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 Post subject: Re: 8x16 sprite is really a 16x32 pixel image?Posted: Sat Oct 06, 2012 11:12 pm

Joined: Thu Apr 23, 2009 11:21 pm
Posts: 935
Location: cypress, texas
tokumaru wrote:
Bregalad's formula is correct, for when there are 7 items per row.
... ...Yeay! Thanks tokumaru!

tokumaru wrote:
The formula for reading data from a 2D array which is stored in memory linearly is always Y * ElementsPerRow + X, that doesn't change. But you also have to take into consideration that the base unit is the type of element you are accessing, in this case, metatiles. If you have pixel coordinates, you have to first convert them to metatile coordinates, hence the need to divide both X and Y by the dimensions of your metatiles before applying that formula.

Another thing that will affect how you apply the formula is how your levels are stored in RAM/ROM. If you store it screen by screen, then ElementsPerRow will always be the same, because the number of metatiles per screen doesn't change. If you don't divide your level in screens, then ElementsPerRow will be the length of the entire level, and it will vary from level to level. IMO, things are easier if you divide the levels into screens, because the metatile offsets will always fit in 8 bits, and the multiplications/divisions can be easily done with shifts.
And cause it would be easy for my sister to edit the screens. The blue part below is almost how she did it! I never thought of not dividing the level into separate screens... that would be kind of insane I think. But it does sound like it would be easy scrolling beyond 2 screens; though I don't know how to... ...yet.

tokumaru wrote:
Here comes another (untested) example of data arrangement (and how to access it):

codeLevelMap:

;first screen:
.db \$00, \$00, \$00, \$00, \$00, \$00, \$00, \$00, \$00, \$00, \$00, \$00, \$00, \$00, \$00, \$00
.db \$00, \$00, \$00, \$00, \$00, \$00, \$00, \$00, \$00, \$00, \$00, \$00, \$00, \$00, \$00, \$00
;(another 12 rows here)
.db \$10, \$10, \$10, \$10, \$10, \$10, \$10, \$10, \$10, \$10, \$10, \$10, \$10, \$10, \$10, \$10

;second screen:
.db \$00, \$00, \$00, \$00, \$00, \$10, \$10, \$00, \$00, \$00, \$00, \$00, \$00, \$00, \$00, \$00
.db \$00, \$00, \$00, \$00, \$00, \$10, \$10, \$00, \$00, \$00, \$00, \$00, \$00, \$00, \$00, \$00
;(another 12 rows here)
.db \$10, \$10, \$20, \$20, \$20, \$20, \$20, \$20, \$20, \$21, \$22, \$23, \$00, \$00, \$00, \$00

;third screen:
.db \$22, \$00, \$22, \$00, \$22, \$00, \$00, \$00, \$00, \$00, \$00, \$00, \$00, \$00, \$00, \$00
.db \$22, \$00, \$00, \$00, \$00, \$00, \$00, \$00, \$00, \$00, \$00, \$00, \$00, \$00, \$00, \$00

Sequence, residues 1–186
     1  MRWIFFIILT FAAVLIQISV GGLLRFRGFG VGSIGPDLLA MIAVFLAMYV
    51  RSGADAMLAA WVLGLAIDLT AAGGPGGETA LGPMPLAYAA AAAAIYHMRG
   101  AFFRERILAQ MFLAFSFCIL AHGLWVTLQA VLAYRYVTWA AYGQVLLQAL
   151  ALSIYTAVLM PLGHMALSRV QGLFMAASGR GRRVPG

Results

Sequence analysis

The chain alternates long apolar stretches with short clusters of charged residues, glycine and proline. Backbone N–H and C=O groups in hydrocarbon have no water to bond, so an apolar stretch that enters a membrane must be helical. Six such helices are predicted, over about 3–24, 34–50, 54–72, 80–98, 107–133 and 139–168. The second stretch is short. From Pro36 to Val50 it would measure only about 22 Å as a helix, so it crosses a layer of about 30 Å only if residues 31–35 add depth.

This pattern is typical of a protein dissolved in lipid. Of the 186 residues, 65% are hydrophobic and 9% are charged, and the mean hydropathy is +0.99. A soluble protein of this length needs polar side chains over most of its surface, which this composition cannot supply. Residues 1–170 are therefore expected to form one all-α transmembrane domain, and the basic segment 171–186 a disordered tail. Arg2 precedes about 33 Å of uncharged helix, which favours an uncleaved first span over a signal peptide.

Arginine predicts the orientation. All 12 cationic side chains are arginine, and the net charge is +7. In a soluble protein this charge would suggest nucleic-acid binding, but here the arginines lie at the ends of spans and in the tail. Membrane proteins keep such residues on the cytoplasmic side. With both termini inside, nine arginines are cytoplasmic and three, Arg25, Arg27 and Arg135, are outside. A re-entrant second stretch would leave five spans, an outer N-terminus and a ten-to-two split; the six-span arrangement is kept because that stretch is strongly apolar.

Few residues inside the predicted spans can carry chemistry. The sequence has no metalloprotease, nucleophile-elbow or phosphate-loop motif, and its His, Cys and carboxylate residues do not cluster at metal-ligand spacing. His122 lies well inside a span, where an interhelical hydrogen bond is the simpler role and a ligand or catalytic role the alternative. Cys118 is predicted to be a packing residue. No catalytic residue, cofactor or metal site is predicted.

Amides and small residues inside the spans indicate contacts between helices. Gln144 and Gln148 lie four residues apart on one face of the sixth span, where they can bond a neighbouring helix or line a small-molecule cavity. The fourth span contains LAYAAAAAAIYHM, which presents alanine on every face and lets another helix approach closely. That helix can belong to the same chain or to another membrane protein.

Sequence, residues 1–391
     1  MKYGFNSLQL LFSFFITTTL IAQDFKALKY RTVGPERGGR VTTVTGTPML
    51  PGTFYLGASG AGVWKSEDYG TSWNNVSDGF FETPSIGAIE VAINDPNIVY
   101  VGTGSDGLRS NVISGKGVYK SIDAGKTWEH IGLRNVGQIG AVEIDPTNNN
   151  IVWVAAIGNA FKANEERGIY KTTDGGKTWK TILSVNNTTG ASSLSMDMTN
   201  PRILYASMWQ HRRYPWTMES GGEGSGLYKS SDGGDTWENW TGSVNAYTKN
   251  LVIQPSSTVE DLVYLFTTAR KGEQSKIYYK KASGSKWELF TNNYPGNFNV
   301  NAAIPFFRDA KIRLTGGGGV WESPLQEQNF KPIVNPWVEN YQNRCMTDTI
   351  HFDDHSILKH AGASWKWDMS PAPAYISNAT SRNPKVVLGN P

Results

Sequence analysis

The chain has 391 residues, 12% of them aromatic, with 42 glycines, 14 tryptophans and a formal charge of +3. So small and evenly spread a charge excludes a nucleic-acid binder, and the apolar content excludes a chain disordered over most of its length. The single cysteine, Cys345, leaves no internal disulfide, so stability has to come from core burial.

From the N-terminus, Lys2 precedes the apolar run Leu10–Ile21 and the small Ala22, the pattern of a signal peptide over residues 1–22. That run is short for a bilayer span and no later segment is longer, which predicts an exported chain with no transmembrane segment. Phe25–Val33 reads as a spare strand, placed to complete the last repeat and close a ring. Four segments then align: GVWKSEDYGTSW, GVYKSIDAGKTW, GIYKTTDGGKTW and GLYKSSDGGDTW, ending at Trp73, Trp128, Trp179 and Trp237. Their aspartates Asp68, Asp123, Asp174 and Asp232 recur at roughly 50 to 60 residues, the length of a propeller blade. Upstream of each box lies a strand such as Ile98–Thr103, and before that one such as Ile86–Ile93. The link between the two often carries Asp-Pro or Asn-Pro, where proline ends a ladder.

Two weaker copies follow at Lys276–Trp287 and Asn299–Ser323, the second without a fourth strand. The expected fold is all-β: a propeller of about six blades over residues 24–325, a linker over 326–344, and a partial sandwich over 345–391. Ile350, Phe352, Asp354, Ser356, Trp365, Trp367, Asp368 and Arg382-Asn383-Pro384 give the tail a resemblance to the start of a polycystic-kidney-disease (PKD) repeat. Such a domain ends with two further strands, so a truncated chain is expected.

;(another 12 rows here)
.db \$20, \$20, \$20, \$20, \$10, \$10, \$10, \$10, \$10, \$10, \$10, \$10, \$10, \$10, \$10, \$10

;(keep going for as many screens as you want)

;Reads the index of the metatile at position (PointX, PointY) in the level map

;get the index of the screen
ldy PointX+1

;multiply it by 240 (using a look-up table) and add it to the base
;address of the level to create a pointer to the screen we need
clc
lda ScreenOffsetLo, y
sta ScreenPointer+0
lda ScreenOffsetHi, y
sta ScreenPointer+1

;calculate the index of the metatile: (Y / 16) * 16 + (X / 16)
lda PointX+0
lsr
lsr
lsr
lsr
sta Temp
lda PointY+0
and #%11110000
ora Temp
tay

lda (ScreenPointer), y

;return
rts
/code
Now you can do whatever you want with that information. Want to know if that metatile is solid? Do something like this:

Code:
tax
lda MetatileCollision, x
and #BITTHATINDICATESWHETHERAMETATILEISSOLID
beq +NotSolid
Swell... incredible! That takes less cycles. But it takes a bit more space no... memory. Fast is class!

tokumaru wrote:
Want to know what is the top left tile of that metatile?

Code:
tax
lda MetatileTopLeft, x
Aw yes faster code!

Ok I slowly changed my code to be just like your code all today. Time to sleep.
But, I haven't implemented any of this bit of your yellow code up there... I just tried to use my variables. I got the first part of my code to look like the first part of your code. Now the lady sprite falls just halfway down the screen and then pauses. She is susposed to fall to the bottom of the screen. My code at the end is still the same:
Code:
0C3DB
0C3DB                              ;GRAVITY
0C3DB C6 31                        dec tC
0C3DD 10 02                        bpl +skip
0C3DF
0C3DF B1 0C                        lda (rhombusCollision_low), y
0C3E1
0C3E1                                 ;if the metatile is not solid
0C3E1 0A                             asl a    ;<pushes bit #7 into carry.
0C3E2 90 09                          bcc +skip
0C3E4
0C3E4                                   ;then fall to the metatile below...
0C3E4